A short while ago, a writer friend described me as a “writer’s writer.” I accepted this as the compliment it was intended, but given the choice I would rather be a reader’s writer. Every writer reads with essentially two parts of their brain: their writer brain and their reader brain. I think I speak for many writers when I report that my writer’s brain always comes forward first whenever I pick up something new, especially fiction. The writer brain observes the writing, first on a sentence-to-sentence level and then on a narrative level. This can be a fairly unpleasant way to read something. It is detached, critical, comparative, and intellectual. I am a lifelong student of writing, so I suppose I will always read from my writer’s brain, but the less I do so the happier I am.
That is because my reader’s brain wants to forget about the writer and the choices he or she made and just become lost in what was written. I can admire or respect a book as a writer, but I can only love it as a reader. Only as a reader can I go willingly on a journey with the writer, and only as a reader can I be changed by that journey.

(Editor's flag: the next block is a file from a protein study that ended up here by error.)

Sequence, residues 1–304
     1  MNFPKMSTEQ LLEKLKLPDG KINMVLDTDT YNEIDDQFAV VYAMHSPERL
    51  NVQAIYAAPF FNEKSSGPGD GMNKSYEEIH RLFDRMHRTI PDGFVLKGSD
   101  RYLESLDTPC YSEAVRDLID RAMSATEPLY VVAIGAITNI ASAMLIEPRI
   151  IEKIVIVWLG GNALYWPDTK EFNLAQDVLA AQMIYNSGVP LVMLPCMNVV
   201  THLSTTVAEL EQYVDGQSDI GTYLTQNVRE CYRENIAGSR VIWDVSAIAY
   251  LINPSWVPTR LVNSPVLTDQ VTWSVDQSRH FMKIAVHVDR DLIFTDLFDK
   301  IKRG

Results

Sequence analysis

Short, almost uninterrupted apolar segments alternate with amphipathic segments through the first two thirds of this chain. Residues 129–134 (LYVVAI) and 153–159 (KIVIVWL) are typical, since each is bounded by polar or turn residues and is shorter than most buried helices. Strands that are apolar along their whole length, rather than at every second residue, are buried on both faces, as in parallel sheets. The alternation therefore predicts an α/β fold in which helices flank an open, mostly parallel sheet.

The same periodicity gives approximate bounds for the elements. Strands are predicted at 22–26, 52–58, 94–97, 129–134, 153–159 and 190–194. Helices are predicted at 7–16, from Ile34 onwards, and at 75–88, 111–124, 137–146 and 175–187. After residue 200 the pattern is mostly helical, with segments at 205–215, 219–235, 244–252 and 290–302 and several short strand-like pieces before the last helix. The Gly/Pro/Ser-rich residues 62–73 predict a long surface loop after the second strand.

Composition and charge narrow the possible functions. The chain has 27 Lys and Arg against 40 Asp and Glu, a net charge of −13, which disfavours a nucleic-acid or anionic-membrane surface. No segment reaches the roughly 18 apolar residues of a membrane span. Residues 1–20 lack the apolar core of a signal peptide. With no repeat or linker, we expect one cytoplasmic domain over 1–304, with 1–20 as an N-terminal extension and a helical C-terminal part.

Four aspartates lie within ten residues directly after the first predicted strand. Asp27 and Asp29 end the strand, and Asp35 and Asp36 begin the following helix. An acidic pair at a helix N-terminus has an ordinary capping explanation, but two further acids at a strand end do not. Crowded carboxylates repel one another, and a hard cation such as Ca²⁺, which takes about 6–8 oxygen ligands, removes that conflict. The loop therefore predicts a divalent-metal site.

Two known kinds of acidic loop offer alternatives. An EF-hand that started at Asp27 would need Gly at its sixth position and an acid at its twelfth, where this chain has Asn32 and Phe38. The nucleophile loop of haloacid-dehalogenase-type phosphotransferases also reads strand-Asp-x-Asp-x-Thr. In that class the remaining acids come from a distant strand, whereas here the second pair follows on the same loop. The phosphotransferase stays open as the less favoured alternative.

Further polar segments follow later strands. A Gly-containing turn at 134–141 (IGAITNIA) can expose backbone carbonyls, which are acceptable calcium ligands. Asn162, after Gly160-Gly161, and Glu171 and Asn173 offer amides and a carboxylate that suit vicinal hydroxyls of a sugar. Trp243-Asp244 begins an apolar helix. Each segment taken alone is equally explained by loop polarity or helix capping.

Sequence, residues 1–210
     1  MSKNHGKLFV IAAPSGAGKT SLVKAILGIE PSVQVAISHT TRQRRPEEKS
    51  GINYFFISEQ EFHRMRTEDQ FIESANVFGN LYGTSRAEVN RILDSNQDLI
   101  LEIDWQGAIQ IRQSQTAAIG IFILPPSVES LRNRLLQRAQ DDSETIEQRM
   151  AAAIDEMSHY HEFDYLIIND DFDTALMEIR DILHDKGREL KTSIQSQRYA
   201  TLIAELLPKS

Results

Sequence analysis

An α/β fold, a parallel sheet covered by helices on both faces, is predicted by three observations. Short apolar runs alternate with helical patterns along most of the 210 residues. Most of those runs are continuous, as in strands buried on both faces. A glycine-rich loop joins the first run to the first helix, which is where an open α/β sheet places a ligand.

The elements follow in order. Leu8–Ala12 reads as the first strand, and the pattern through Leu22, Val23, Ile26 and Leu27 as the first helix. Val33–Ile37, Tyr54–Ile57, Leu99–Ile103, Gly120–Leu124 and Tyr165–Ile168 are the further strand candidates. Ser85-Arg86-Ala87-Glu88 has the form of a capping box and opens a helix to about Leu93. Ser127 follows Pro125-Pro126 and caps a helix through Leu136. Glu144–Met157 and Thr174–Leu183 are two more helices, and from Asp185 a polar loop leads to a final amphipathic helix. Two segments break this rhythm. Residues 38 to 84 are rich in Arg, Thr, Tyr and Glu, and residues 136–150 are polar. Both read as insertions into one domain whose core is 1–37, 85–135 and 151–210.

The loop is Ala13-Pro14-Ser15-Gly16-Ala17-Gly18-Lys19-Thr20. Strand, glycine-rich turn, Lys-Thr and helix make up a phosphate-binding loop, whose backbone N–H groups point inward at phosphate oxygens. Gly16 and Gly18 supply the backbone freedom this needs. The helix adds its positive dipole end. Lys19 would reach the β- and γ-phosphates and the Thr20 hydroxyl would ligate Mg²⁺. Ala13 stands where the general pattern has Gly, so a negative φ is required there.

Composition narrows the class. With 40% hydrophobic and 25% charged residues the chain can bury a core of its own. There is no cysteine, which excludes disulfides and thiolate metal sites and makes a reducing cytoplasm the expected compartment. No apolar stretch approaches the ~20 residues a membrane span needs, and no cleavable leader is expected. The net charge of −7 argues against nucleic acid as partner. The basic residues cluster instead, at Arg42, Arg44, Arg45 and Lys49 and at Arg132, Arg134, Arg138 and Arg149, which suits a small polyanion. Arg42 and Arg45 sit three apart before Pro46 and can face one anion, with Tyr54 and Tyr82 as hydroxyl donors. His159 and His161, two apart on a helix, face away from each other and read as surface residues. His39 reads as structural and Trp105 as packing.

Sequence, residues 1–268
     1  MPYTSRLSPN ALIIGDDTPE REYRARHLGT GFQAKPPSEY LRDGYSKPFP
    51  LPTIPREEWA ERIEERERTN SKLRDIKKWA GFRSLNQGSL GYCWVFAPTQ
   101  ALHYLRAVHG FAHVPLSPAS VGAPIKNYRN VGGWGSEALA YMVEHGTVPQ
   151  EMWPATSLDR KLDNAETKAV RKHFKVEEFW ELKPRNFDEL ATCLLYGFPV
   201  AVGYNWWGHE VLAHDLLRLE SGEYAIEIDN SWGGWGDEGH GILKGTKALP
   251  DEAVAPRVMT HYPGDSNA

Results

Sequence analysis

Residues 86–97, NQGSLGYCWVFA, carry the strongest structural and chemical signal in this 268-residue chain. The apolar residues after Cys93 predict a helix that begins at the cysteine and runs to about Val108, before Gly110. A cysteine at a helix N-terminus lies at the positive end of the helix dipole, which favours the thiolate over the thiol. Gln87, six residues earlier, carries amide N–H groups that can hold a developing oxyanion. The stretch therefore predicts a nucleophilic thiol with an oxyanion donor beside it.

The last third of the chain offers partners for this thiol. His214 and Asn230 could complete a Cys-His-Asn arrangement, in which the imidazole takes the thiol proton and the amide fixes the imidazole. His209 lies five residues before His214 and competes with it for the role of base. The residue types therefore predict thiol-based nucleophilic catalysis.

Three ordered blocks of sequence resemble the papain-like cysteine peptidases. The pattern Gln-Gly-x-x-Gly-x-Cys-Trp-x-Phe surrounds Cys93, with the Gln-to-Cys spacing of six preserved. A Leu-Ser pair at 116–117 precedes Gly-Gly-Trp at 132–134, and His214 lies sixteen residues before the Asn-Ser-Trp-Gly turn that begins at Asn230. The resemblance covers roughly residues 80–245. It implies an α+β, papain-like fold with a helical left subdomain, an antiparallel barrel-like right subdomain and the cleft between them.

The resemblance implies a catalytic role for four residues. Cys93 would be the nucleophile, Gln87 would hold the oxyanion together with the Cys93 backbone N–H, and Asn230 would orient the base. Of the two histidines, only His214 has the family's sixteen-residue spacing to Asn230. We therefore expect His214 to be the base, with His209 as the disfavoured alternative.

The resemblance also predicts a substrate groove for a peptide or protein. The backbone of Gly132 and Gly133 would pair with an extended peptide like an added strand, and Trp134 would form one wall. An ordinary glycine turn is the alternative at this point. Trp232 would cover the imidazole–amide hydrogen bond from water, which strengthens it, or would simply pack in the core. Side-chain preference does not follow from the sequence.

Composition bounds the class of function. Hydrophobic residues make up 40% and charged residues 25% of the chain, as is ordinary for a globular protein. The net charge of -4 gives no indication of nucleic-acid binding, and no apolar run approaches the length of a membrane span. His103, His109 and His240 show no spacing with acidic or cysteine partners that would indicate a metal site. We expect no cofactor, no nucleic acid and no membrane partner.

If you’ve spent time in critique groups, or writing classes, or read too much of the NYT Book Review, it is easy as a writer to slip into the habit of writing for other writers. That is, becoming overly concerned about craft, and making unique choices that other writers haven’t made, or being clever or referential in a way other writers or “very good readers” will appreciate, as if books are a test of your ability to write.
Books are not a test; they are an opportunity to communicate. Forget about other writers when you write. They are readers too after all, and while a “writer’s writer” is a compliment of skill, the greatest compliment any writer could pay me is that in reading my work they forgot for a moment they were writers at all and remembered instead that they were human beings.